Swimming in a Sea of Gadgets and Confusion at Consumer Electronic Show

The closest thing I can compare to my arrival at CES was my recent experience taking the Virtual Dementia Tour!  I was immediately hit with huge crowds, confusion, noise, bright lights, varying grades of carpet and surfaces, etc.  I tried to orient myself with the maps and directory, but it was hopeless – I decided to “wander” to get the lay of the land.

Ironically, one of the first things to catch my eye was a display for CB Radios!  I had to double check and make sure I wasn’t in a historical display!  I never thought about it but when I was a young boy the CB was being used the way we use email and the internet today.

I wandered for nearly an hour and then I thankfully arrived at press conference organized by Living in Digital Times   This group has convened several “summits” that center around health, fitness, aging, education and children and relate to technology.  This event spotlighted about 50 companies at CES, giving each of them 2 minutes to pitch their offerings.  Normally I would have headed for the door at something this commercial, but given my wandering experience – this is just what I needed.

A few notable topics and companies include:
Qualcomm – the technology giant has a developed a “nickel sized device” that can deliver health care data anywhere.  This device is integrated into several of the other exhibitors products.

MPERS (Mobile Personal Emergency Response Systems) – These are the next generation of the “I’ve fallen and cant get up devices” that provide access anywhere and via devices like phones, watches, or pedometers.  Two companies had offerings in this area including LifeComm and an application for the Jitterbug phone.  This is a space with lots of competitors, I know there are should be several more exhibiting here including AFrame Digital.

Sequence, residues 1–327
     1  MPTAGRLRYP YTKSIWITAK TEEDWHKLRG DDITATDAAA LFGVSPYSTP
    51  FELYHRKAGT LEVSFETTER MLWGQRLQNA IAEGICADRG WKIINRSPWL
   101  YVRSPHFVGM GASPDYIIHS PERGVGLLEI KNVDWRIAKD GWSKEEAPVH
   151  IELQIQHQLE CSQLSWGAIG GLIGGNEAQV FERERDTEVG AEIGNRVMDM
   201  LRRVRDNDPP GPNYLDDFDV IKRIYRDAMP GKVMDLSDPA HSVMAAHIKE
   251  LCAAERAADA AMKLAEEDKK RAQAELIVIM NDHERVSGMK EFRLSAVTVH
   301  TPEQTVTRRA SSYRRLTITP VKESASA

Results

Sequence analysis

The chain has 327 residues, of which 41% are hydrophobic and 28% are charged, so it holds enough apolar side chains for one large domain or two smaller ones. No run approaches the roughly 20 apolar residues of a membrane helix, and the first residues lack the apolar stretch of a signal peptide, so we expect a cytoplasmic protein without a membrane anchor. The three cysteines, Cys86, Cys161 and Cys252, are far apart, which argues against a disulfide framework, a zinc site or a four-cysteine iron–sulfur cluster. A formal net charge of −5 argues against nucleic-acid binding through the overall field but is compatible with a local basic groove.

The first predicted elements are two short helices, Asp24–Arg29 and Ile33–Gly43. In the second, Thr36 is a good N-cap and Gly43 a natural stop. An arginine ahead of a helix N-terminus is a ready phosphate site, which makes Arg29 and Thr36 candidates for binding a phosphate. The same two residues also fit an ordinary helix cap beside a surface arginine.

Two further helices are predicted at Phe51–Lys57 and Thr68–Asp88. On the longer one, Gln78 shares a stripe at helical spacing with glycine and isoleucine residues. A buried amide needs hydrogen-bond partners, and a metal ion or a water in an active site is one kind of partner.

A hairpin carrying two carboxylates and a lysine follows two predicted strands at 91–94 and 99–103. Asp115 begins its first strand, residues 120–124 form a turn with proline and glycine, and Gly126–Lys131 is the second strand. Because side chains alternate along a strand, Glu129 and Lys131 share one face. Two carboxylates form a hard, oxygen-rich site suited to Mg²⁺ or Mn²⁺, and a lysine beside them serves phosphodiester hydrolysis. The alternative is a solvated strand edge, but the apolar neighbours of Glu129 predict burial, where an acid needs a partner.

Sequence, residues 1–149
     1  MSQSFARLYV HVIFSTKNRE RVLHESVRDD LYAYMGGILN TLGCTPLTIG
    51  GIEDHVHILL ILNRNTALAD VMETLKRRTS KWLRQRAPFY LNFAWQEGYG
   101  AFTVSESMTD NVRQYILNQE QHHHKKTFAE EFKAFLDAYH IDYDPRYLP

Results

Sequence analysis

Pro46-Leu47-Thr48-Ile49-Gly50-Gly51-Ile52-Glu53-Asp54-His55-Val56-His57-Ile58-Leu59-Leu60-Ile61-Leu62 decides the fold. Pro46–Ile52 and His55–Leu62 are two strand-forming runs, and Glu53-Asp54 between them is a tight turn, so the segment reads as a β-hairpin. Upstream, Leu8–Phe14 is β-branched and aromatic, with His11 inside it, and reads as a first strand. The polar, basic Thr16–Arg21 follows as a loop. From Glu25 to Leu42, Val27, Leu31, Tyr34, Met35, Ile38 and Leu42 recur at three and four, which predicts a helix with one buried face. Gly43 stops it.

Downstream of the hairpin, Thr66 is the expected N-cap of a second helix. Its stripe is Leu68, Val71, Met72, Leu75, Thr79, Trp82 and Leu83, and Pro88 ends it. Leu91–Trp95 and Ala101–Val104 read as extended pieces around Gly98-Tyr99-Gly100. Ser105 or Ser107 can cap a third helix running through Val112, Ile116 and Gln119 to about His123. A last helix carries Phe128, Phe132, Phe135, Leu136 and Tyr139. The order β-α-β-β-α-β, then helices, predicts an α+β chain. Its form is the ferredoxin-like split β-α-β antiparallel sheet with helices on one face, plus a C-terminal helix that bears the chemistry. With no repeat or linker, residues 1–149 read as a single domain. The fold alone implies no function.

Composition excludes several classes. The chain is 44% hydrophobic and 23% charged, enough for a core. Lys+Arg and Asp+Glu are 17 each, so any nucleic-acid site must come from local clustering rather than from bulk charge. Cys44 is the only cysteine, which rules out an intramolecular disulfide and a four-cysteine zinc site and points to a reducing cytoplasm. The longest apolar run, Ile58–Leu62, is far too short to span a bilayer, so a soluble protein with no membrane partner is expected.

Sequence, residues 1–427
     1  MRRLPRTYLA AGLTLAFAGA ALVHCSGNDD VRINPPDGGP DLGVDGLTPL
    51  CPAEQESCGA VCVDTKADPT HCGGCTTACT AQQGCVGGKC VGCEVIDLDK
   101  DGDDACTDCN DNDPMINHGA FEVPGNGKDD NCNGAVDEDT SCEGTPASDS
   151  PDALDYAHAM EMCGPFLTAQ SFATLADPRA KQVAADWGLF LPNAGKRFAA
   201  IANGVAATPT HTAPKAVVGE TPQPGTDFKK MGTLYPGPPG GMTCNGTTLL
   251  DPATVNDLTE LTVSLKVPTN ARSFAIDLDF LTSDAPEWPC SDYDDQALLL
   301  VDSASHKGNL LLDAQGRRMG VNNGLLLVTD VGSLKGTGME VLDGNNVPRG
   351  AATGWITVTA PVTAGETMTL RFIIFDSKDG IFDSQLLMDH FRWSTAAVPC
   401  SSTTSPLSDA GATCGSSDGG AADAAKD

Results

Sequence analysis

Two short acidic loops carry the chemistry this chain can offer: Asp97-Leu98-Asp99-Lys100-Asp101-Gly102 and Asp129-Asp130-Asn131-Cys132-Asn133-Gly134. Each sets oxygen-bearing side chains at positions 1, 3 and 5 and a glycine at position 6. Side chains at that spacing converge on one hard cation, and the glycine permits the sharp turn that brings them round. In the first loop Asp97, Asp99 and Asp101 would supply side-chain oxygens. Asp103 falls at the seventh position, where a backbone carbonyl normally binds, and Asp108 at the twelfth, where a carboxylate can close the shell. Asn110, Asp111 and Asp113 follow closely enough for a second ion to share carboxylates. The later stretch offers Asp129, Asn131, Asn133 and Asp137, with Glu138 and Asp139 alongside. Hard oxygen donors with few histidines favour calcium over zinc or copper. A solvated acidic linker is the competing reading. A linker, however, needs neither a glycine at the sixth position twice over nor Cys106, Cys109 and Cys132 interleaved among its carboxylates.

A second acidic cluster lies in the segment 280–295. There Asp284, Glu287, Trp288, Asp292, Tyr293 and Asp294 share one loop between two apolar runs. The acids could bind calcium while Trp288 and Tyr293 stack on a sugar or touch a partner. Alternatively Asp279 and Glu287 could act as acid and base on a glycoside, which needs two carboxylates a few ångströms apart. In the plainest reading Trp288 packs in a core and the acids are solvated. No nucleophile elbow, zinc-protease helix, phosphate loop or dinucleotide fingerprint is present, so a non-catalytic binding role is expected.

Easy to Use Computers My Gait and Telikin are offering easy to use alternatives to the traditional computer for seniors.  I agree that this is need here, but if they can create an easier to use computer – wouldn’t people of all ages want to use it?

Products for Hearing Loss Clear Sounds and Sonic Alert focus on technology in this space.  As I have written extensively, hearing loss is a huge issue that we need more technology and training.

Overall excellent overview to make me feel more comfortable in this massive trade show!  The only sad thing was hearing the language that some of the presenters were using when referring to their customers.  Several of the speakers would refer to “them” as though they will never be growing old themselves.  I know its not intentional, and these are people doing good work – a little attention to sensitivity and language can go a long way to effecting change in our culture.

Hopefully I can dig up some more information today!

1 Comment

  • Hi Steve, thanks for posting! I couldn’t agree more! The idea is that it is easier for anyone to have the complete computer experience in a non traditional way – think about how even the iPhone and iPad have changed our lives..my 2 and 4 year old learned how to use both in about 2 minutes and now are fluent iPad users!
    The same can be thought of for our aging or disabled population. And if the product is cool and helpful enough – anyone will want to use it, removing the stigma of a “senior” only device. We have a GrandCare System at my house to remind us when it’s time to take vitamins (yep – flinstone gummies) and it also automatically turns on a light in the hall if anyone gets up to go to the bathroom. I also am set up to revive a text if anyone goes into my house during the day (Which is highly unusual). It’s easy to see why all ages could benefit from a system like this. Perhaps we are the ones that need to be the early adopters and show the way!!! Laura Mitchell, GrandCare Systems

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